Technical information | Introduction to the molding process of glass bottles

In the development of mankind, glass has a long history. For us, glass is one of the most incredible and useful materials, it has been used in every field of humanity. At the same time, we also know that glass is a man-made material.

Hollow glass can be used in many different fields, and we divide it into three categories: Type I, Type II, and Type III.

Glass types are distinguished based on glass composition and internal surface treatment

Their differences are due to the different glass composition systems used. Type I glass is borosilicate glass, Type II and III are soda-lime silicate glass. As for Type II and Type III, Type II is mainly based on Type III, using SO3 or NH4SO4 powder to dealkalize the inner surface of the bottle. (Note: The purpose of dealkalization treatment is mainly to improve the water resistance of glass bottles so that they are suitable for containing neutral to weakly alkaline injections)

For cosmetic glass packaging, Type III glass is mainly used because the contents of cosmetics have less corrosion on the glass.

Soda lime glass raw material composition

The main raw materials of glass are sand, soda ash, calcite, and feldspar, which account for more than 98% of the raw materials of glass. Other small ingredients include clarifiers, colorants, decolorizing agents, etc. In addition, thanks to the powerful ability of glass, in order to recycle glass and reduce energy consumption, we also use cullet as one of our main raw materials (generally in the range of 0%-50%, sometimes even 100%,). This is why we say glass is an environmentally friendly material.

We can clearly see the function of each raw material from the table below

Main functions of raw materials and their role in glass melting

Soda-lime glass melting process

  1. Preparation of batch materials

The batching room places glass raw materials in different silos according to requirements before the mixture enters the kiln. The process steps are shown in the figure:

melting process

Step 1: Transport raw materials to the glass batching room by train or truck, and ensure compliance with size and composition through visual inspection and sample testing.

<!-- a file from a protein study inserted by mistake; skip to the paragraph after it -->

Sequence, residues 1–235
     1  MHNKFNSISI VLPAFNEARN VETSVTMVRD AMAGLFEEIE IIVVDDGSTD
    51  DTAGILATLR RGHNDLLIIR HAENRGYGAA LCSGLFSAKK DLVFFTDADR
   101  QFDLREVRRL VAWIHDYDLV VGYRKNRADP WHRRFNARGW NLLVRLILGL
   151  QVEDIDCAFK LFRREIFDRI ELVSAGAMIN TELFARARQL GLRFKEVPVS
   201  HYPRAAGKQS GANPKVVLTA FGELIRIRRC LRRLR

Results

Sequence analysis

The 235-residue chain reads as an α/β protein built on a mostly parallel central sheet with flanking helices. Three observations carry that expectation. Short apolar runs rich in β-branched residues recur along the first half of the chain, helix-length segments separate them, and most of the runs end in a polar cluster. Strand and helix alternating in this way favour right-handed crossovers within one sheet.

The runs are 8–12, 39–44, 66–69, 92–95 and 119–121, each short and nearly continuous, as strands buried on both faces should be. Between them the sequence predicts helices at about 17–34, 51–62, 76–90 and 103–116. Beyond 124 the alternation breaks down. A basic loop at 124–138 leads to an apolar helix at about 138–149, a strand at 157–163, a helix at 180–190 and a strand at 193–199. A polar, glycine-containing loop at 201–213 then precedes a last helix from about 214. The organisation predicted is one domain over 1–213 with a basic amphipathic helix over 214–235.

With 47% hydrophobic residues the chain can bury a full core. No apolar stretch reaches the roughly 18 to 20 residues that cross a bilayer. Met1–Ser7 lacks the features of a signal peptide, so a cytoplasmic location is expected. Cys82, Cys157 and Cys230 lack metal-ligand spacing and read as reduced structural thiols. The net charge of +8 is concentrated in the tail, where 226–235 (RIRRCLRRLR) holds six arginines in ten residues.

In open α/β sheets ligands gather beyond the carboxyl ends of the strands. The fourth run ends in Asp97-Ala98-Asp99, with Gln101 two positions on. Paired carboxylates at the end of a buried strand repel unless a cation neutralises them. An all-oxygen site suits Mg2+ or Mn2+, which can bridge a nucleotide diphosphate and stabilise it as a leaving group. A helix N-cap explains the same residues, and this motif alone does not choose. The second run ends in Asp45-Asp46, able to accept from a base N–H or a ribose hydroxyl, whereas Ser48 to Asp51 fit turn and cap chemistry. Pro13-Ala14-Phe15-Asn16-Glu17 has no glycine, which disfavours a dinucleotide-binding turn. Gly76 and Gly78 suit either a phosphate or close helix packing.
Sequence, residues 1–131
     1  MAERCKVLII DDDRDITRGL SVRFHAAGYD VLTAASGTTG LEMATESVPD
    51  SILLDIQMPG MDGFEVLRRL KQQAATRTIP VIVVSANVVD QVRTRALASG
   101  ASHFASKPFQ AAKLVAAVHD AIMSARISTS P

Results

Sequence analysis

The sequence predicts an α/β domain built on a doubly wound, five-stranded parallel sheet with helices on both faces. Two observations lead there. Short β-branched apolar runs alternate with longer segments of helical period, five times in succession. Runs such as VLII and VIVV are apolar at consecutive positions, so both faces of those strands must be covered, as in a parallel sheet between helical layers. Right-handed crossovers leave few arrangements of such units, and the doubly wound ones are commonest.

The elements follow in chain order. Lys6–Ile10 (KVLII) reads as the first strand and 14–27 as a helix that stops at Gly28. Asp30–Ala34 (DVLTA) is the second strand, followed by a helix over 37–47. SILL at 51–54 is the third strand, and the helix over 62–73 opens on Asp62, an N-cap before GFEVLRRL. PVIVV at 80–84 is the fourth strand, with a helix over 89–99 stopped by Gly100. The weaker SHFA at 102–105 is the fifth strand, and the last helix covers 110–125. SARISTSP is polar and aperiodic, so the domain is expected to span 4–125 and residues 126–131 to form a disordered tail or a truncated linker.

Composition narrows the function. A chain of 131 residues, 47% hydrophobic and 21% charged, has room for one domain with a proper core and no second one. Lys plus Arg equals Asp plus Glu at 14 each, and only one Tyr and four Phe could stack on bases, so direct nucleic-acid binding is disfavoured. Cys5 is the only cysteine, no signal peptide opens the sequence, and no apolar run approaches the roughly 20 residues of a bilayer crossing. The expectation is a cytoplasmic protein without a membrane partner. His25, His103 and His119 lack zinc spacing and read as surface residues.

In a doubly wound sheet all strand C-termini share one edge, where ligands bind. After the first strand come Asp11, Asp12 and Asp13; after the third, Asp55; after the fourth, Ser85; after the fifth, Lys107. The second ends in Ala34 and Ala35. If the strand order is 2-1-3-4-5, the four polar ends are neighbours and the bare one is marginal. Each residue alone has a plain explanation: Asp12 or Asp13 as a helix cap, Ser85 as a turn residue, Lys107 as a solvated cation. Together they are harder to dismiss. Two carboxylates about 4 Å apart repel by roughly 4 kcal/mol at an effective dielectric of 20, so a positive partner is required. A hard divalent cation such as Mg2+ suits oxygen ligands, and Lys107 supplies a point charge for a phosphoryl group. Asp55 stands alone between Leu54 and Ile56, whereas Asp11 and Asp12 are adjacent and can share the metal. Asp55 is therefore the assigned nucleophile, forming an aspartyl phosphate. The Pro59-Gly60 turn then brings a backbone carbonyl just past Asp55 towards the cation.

Step 2: Raw materials are placed at their respective unloading points, then transported to the batching room via elevators, and finally transported to their respective silos.

Step 3: Before entering the kiln, the raw materials pass through the electronic scales under their respective silos and are batched and proportioned.

Step 4: Typically, raw materials are weighed one at a time and batch to batch accurate.

Step 5: The scale’s sensitivity is monitored daily and calibrated every week to ensure accuracy.

Step 6: Once weighing is complete, the raw materials are conveyed to the mixer.

Step 7: In some factories, cullet is added after mixing in order to minimize the wear and tear of the cullet on the mixer.

Step 8: The mixed mixture will be transported to the kiln via horizontal belts or monorails.

Step 9: In order to reduce dust, layering and flying materials during the transmission process, appropriate moisture is often added before mixing.

Step 10: Wet material enhances batching control in the kiln, which is very beneficial for efficient melting.

  1. Melting process

The mixture is continuously added to the kiln through a feeder.

-~100°C: The mixture is dry (~humidity is about 4%)

-~700°C: solid phase reaction between carbonates

From 800°C: elimination of carbonates and reaction with silica (approximately 16% by weight)

Starting at 850°C: reduction of sulfate and iron oxide by carbon

Starting from 1200°C, clarification is accompanied by dissolution and expansion of silica

In the soda-lime-silica glass container industry, there are two main types of kilns, horseshoe-flame furnaces and cross-flame furnaces. The picture below shows the structure of the horseshoe flame regenerator kiln.

Horseshoe stove

This kind of kiln has two small furnaces, side by side on the back wall of the kiln, and the regenerator is located at the back of the kiln. Each small furnace is equipped with 2-4 heating guns. These heating guns can use different fuels, such as heavy oil and natural gas, depending on the size of the kiln. The flame comes out from the small furnace on one side, then turns 180° and exits from the other small furnace. The path taken by the flames and exhaust gases is like a horizontal “U”. This design allows the combustion gas to have a relatively long residence time in the kiln, thus saving energy.

This kiln is also equipped with a combustion air preheating system, which is what we often call a regenerator. Regenerators allow us to reuse the heat energy of the burned exhaust gases. One of the two regenerators absorbs the heat from the combustion exhaust gas (approximately 1300°C), thereby heating the grid refractory material in the regenerator. The combustion air enters the kiln through another regenerator. After a certain period of time, the flow of combustion air and combustion exhaust gases will reverse direction. The combustion air flows through the regenerator that has just been heated by the exhaust gas and enters the kiln. The heat stored in the grid will be transferred to the combustion air to heat the air. Through heat exchange like refractory materials, energy can be saved and reused.

  1. Feed channel used to transport molten glass to the forming machine